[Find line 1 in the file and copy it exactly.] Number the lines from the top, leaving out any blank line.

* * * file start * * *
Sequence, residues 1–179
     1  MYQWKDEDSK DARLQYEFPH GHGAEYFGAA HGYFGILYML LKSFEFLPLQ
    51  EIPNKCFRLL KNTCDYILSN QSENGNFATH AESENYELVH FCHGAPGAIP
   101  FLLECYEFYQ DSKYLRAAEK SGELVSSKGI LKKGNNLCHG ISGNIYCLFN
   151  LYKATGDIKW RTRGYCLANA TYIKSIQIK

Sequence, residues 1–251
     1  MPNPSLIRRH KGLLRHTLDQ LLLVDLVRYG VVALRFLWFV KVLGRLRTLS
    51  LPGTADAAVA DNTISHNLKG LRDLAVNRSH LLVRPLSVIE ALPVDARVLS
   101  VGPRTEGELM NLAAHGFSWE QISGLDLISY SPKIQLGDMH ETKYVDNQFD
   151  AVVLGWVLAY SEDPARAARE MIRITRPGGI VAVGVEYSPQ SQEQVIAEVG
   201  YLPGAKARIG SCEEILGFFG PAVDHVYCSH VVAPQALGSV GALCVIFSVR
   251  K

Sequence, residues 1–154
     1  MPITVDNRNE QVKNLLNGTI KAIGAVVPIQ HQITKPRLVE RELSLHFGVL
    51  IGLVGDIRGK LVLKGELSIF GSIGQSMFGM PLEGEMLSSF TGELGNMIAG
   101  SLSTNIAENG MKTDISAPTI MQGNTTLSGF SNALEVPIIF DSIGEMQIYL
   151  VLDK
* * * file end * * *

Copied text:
Sequence, residues 1–179